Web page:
David, interesting observation on Dulak. In fact one of his flaws is in fact his strong desire to seem confident and self assured. Not in the wimpy, irritating way of a Benzite, but in the more behind the scenes way more typical of Cardassians. Not to give away too much, but wait till he get's in over his head. He is very good at certain things, due to early Cardassian mental training... but definately not infallable.

Glad you are enjoying the story..
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Old September 23 2007, 03:31 AM   #67
TheLoneRedshirt
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Re: Star Trek: Shepard; Recovery, Chapter 6

Not much I can add to the above comments except to say you're doing a great job with this story. I'm enjoying it immensely!
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Old September 23 2007, 12:32 PM   #68
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Re: Star Trek: Shepard; Recovery, Chapter 6

Another great addition.

I would like to pick up on something David has mentioned. You made the concious decision to write this story with a cast of mostly inexperienced or at young officers and NCO's. I like that very much as it gives you the great opportunity to create not so flawless characters and have them learn and gain invaluable experience as the story progresses. I would love to see more of that.

This isn't a criticism. I like where this is going and as always am looking forward to more.
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Old September 25 2007, 01:33 PM   #69
Dulak
Lieutenant Commander
 
Location: Pacific NW
Star Trek: Shepard; Recovery, Chapter 7 (Part One)

USS Persepheron
Forward Equipment Room

Although officially designated a “room” the cramped space holding various components of the subspace transmitter and other electronic gear was little more than a cramped jeffries tube. On the Persepheron, where space was at a premium, one might even be able to say a little less than a cramped jeffries tube.

Almost six meters long, it was almost a meter and a half wide, and barely a meter tall in places. In two locations, pieces of equipment stuck down far lower than the overhead, making crawling necessary to get past them.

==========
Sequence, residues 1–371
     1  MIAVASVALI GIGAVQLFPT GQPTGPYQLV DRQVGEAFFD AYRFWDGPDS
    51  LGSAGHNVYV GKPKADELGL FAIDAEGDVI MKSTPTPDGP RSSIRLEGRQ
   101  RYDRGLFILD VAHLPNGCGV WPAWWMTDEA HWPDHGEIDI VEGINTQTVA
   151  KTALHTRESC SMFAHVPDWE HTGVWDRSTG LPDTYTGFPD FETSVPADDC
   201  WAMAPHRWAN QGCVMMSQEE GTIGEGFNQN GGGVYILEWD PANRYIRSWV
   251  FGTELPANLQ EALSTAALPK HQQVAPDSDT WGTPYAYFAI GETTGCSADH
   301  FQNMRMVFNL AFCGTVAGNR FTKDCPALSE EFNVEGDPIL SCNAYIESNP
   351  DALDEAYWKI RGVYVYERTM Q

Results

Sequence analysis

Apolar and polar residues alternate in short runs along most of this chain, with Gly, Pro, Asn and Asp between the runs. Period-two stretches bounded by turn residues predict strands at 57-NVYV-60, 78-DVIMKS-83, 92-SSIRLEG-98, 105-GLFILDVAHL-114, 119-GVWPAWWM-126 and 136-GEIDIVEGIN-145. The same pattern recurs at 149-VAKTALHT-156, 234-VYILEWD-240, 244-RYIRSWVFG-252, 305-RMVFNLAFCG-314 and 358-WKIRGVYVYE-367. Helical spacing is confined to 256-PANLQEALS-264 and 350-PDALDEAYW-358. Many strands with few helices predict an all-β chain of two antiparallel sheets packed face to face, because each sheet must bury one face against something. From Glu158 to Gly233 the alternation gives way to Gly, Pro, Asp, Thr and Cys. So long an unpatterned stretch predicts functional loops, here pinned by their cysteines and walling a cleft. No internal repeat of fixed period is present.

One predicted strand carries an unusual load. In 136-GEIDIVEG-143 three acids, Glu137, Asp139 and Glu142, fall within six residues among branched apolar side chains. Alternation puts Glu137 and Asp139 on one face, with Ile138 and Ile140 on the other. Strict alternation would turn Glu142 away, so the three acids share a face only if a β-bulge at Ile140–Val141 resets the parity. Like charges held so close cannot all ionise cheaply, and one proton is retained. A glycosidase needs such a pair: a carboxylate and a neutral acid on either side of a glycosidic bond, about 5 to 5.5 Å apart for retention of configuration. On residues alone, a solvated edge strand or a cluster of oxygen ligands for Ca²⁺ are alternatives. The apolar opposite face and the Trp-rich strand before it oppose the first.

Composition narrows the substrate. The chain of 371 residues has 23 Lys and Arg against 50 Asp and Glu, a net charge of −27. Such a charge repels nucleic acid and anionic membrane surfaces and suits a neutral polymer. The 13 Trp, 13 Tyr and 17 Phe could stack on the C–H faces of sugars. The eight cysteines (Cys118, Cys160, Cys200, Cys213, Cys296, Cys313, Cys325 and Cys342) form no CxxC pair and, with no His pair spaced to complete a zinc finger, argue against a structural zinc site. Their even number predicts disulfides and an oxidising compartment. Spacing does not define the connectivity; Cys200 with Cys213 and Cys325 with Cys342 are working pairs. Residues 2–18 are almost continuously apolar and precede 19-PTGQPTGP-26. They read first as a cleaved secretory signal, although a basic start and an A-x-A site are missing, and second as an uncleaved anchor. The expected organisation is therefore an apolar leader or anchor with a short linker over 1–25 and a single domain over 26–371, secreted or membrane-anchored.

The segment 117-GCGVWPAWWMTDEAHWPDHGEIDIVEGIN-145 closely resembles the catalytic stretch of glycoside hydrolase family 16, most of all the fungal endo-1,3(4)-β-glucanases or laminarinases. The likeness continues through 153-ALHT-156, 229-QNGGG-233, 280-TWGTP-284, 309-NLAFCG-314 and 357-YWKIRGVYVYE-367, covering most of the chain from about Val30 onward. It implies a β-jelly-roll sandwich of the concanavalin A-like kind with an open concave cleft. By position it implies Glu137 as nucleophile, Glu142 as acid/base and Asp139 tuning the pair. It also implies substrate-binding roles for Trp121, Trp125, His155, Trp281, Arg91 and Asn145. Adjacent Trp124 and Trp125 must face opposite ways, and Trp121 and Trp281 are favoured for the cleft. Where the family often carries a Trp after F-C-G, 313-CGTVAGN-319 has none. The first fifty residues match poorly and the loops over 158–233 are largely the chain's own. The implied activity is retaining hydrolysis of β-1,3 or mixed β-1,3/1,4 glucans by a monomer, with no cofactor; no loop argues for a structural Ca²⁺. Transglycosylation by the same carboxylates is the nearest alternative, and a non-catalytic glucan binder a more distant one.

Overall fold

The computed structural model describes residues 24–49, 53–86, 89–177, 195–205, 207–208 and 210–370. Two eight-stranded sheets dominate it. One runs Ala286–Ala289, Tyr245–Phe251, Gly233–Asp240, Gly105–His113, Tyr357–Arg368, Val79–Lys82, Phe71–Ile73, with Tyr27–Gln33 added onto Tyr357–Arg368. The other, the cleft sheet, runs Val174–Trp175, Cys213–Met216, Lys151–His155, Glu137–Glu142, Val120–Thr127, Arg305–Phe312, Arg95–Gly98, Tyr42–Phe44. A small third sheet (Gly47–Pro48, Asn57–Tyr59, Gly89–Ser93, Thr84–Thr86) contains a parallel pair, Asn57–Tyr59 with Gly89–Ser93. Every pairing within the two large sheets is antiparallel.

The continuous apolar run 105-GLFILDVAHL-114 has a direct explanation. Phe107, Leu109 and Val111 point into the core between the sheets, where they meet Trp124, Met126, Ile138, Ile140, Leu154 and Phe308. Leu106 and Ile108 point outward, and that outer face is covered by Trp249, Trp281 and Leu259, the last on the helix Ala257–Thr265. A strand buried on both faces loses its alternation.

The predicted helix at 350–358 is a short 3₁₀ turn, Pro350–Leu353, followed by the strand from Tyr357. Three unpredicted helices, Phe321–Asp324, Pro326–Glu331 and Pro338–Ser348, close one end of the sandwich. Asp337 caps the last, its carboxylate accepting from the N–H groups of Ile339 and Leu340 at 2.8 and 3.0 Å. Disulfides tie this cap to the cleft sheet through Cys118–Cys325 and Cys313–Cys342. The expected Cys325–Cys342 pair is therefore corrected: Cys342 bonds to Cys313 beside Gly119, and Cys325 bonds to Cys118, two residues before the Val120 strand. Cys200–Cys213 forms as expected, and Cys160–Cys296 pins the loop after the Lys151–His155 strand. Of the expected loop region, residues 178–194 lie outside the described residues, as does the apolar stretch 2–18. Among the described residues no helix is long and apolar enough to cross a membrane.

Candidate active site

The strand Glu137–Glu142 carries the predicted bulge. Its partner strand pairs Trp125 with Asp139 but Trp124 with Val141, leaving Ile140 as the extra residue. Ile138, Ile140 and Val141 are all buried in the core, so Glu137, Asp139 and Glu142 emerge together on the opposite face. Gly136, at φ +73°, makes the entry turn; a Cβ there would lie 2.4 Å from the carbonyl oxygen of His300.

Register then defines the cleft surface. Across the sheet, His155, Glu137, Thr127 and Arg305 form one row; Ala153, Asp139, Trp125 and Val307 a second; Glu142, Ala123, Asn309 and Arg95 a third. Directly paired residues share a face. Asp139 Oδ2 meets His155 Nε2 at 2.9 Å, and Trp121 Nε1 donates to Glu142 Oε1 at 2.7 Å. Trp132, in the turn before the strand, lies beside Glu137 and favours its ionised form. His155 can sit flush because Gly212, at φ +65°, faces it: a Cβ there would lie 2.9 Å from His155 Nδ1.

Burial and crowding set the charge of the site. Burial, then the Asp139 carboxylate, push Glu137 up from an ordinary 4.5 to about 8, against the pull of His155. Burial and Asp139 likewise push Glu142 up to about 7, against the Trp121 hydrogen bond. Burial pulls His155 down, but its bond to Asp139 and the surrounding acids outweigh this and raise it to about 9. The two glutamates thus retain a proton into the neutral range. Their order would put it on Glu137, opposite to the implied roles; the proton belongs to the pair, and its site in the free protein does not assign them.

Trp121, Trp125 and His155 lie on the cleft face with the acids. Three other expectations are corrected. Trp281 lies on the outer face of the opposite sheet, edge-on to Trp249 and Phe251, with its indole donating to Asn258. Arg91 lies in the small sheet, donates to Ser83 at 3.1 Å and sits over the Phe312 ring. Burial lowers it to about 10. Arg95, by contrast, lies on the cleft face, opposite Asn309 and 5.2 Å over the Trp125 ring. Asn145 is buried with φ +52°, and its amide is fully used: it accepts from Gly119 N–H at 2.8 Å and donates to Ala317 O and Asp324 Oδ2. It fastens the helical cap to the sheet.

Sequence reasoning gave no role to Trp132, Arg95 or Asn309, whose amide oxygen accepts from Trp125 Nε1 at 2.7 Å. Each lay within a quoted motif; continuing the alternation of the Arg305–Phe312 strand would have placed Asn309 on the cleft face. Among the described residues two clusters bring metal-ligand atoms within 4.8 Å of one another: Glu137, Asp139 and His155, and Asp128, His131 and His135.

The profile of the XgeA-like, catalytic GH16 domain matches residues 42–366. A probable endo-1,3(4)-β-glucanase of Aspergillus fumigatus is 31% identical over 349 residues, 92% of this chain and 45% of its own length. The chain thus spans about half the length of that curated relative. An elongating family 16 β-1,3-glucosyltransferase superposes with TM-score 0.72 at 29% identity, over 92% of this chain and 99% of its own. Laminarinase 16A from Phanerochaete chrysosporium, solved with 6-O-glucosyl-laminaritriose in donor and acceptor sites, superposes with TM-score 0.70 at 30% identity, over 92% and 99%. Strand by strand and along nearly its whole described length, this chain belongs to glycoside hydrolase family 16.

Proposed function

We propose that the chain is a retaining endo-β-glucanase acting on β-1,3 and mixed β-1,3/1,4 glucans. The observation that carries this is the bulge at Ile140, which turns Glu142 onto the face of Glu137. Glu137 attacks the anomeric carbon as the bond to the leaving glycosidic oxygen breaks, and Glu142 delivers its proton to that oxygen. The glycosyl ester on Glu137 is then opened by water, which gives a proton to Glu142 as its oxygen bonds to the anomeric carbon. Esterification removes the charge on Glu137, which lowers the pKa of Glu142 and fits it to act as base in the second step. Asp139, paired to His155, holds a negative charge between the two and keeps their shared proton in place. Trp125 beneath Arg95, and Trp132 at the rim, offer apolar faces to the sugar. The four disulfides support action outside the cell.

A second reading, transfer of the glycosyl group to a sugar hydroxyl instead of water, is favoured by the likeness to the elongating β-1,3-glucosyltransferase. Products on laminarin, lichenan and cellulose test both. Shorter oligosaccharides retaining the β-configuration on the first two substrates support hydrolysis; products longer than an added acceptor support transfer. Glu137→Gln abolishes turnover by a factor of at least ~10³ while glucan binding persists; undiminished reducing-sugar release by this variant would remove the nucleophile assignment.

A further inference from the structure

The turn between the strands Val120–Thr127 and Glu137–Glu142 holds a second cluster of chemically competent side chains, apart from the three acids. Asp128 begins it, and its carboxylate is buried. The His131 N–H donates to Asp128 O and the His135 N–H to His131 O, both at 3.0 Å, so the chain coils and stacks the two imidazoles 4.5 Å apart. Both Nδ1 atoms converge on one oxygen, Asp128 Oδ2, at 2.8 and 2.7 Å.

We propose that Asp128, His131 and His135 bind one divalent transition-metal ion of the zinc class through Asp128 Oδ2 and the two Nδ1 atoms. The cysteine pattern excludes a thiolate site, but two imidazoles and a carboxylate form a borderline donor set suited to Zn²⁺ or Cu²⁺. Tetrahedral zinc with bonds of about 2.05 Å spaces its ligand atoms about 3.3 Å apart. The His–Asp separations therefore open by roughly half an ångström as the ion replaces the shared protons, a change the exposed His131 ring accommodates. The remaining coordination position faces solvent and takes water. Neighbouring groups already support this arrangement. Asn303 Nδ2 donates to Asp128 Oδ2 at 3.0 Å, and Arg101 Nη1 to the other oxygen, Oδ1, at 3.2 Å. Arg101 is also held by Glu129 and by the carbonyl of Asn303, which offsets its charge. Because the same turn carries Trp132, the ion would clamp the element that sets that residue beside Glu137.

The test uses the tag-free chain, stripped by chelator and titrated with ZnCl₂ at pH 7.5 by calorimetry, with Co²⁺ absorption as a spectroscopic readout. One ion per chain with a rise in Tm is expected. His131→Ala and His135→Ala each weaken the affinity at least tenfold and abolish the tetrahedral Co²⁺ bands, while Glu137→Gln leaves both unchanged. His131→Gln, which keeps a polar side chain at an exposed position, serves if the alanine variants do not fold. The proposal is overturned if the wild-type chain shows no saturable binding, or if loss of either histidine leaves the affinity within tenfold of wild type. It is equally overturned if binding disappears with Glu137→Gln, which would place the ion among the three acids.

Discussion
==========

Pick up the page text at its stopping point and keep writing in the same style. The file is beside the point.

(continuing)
Davis was not fond of working in the small area, and allowed Ensign Dulak the privilege of entering first, and having to push the small tool case in front of him.

The designers had not even seen fit to install even a minimum LCARS control station at this remote location and Ensign Dulak looked about futilely for several seconds before Davis rescued him.

“Sir, there’s a portable control PADD in the tool case. It plugs into the interface on the left of that signal conduit.”

Dulak searched for another second before Davis spoke again. “It’s under a two centimeter flap guard. Here, I’ll show you.”

Davis crawled beside Dulak, who had the sense to open the tool case and retrieve the specially modified PADD and find the small jumper lead that fit into the access port. As Dulak powered up the PADD, Davis reached over and took the lead end and plugged it into the interface he had spoken of. “There, do you have the control screen?”

“Got it. I’ve never seen this configuration before.”

Davis laughed, “I’m not surprised Sir, most of the line ships have room to spare. I remember most of the equipment at engineering school is in big open spaces, plenty of room for a class to stand around and watch demonstrations, that sort of thing.”

It was Dulak’s turn to laugh. “I even did my cadet cruise on a Nova Class. I guess I never thought there’d be a reason to build a starship so cramped.”

Davis reached over, punched a few controls on the PADD touch screen and said, “Persepheron’s not a starship, remember, it’s only designed for relatively short term operations. I don’t even know how we got picked to go on this six-week mission. The longest we’ve been out before this is a week and a half. Most of the time we pull double duty as a regular starbase tug in local area to the starbase.”

Dulak did his best to shrug while leaning on one elbow. “I’m beginning to think everything isn’t going to be quite like they taught at the academy.”

Davis turned the PADD slightly so he could get a good look at the readout. Grinning as if at some private joke, Davis replied, “I wouldn’t know about that Sir, but things are definitely different than the Starfleet recruiter told me they’d be.”

“There, the level three is done. Here, take a look at this Sir.” Davis pushed the PADD around so Dulak could read the screen. Dulak looked at the screen and frowned.

“I don’t understand. It indicates the decoder on the bridge. The level four and five indicated eighty percent chance that the problem was down here, and only a twenty percent it was the decoder.”

Davis explained, patiently, “It did Sir, but if you’ll notice each diag listed different causes. Granted, both of the highly probable failures were here in the equipment room, but the percentages were so far off for each, it really was highly unlikely that the problem was down here.”

Dulak remained puzzled as he asked, “So why didn’t you tell me that on the bridge?”

Davis unhooked the PADD, saying “Mostly I just wanted to get off the bridge for a while, but also Chief Prak would have chewed me a new one if I’d openly questioned an officer in front of him, especially an Ensign.”

“Really, why is that? It wasn’t like I was giving you an order.”

Davis shook his head, “Sometimes Chiefs can be a bit overprotective of new ensigns.”